Ending months of contentious debate, California's attorney general last week conditionally approved Sutter Health's proposed takeover of 260-bed St. Luke's Hospital, San Francisco's last independent full-service hospital. With that final regulatory approval in place, St. Luke's affiliation with Sacramento, Calif.-based Sutter could close as early as next month.
St. Luke's, a financially troubled 130-year-old not-for-profit, would become Sutter's 30th hospital.
Attorney General Bill Lockyer, however, imposed several conditions on the affiliation. St. Luke's must maintain emergency-room services, an intensive-care unit and clinics through at least 2006. The hospital also must continue treating the same number of poor and uninsured patients for at least five years. Also, Sutter is required to provide at least $2 million annually toward charity care at St. Luke's. "At a minimum, they need to maintain the same level of charity care that is provided now," said Sandra Michioku, spokeswoman for the attorney general's office.
Not-for-profit Sutter also will be required to put $15 million into a fund to keep community clinics open if St. Luke's closes within five years. That figure drops to $3 million per year if the hospital closes after nine years.
California law requires that the attorney general review all transactions between not-for-profit hospitals to ensure that they do not reduce charitable services to the community and that the charitable assets of the not-for-profits are properly protected. Under the deal, Sutter has agreed to give St. Luke's $55 million over the next 10 years to expand and upgrade operations. It will also pay for a state-required seismic retrofitting that could cost up to $20 million.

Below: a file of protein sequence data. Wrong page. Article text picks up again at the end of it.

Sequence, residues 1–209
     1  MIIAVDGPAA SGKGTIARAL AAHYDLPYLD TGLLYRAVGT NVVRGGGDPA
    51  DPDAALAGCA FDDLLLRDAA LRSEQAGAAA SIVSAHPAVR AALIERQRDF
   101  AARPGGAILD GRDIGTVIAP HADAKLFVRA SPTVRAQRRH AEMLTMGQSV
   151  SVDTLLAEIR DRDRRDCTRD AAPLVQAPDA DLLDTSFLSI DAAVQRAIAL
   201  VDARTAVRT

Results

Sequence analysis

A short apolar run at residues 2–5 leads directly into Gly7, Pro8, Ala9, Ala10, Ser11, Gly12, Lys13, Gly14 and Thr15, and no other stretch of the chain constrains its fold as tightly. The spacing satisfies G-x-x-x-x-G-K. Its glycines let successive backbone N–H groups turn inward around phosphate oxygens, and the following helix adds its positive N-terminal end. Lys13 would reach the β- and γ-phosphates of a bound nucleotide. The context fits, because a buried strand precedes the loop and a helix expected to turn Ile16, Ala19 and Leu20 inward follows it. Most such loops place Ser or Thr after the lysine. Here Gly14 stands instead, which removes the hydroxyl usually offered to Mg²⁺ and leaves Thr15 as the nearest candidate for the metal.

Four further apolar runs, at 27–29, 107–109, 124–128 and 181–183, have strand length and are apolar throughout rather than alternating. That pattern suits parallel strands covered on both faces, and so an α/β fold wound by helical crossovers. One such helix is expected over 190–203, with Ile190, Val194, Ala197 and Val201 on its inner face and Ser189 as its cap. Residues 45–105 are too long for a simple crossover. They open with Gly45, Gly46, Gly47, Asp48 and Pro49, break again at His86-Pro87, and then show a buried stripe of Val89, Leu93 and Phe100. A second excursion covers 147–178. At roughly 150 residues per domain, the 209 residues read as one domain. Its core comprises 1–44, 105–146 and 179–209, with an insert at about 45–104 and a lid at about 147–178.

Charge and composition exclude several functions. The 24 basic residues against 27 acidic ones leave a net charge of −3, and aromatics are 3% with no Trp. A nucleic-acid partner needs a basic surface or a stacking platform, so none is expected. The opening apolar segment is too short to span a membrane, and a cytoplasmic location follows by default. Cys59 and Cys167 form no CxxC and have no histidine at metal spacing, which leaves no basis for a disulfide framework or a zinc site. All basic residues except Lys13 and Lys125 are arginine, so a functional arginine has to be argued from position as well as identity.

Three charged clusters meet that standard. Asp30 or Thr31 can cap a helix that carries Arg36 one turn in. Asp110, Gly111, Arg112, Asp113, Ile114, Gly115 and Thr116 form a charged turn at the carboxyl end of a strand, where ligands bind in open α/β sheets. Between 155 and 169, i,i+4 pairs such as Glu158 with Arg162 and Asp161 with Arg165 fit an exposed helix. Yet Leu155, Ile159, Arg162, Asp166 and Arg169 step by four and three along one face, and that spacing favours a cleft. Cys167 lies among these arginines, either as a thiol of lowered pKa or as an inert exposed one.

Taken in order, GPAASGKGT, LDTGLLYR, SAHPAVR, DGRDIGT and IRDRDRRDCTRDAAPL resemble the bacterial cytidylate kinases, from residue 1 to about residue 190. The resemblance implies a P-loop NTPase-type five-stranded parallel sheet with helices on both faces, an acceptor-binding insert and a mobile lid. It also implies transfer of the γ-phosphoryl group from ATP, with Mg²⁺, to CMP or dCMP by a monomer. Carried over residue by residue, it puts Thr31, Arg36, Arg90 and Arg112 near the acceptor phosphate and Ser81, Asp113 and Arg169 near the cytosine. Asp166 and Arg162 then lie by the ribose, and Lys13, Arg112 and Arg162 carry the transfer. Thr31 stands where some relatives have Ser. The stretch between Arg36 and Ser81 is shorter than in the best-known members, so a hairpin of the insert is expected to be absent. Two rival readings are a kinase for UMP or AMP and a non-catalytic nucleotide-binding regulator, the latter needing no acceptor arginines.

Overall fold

Sutter operates six other hospitals in the Bay Area. They include 613-bed California Pacific Medical Center in San Francisco; Alta Bates Summit Medical Center, which consists of a 468-bed facility in Berkeley and a 420-bed facility in Oakland; 395-bed Mills-Peninsula Health Services in Burlingame; 165-bed Marin General Hospital in Greenbrae; and 111-bed Sutter Solano Medical Center in Vallejo
The company, though, was never at any risk of antitrust violations, said Sutter spokeswoman Tracy Murphy. With St. Luke's, it will own only two of nine hospitals in San Francisco, controlling between 26% and 30% of that market.
Sutter's board of directors will vote on the conditions at its July 12 meeting, Murphy said. St. Luke's officials have already approved the deal.
Some consumer groups have contested the affiliation, fearing that it would erode the level of care St. Luke's provides to the poor and indigent. But more than 100,000 area residents signed petitions last month urging the attorney general to approve the deal to keep the hospital open.
St. Luke's service area includes 340,000 residents in some of San Francisco's poorest neighborhoods. Sutter has given the facility $1 million a month since December 2000 to remain open.
St. Luke's board of directors, all of whom live or work in San Francisco, will continue to run the hospital.
"We want to ensure that we stay committed to providing comprehensive, community-based critical services for the next 130 years as we have over the past 130 years," said St. Luke's Chief Executive Officer Jack Fries. "Our affiliation with Sutter enables us to have the financial wherewithal to do just that."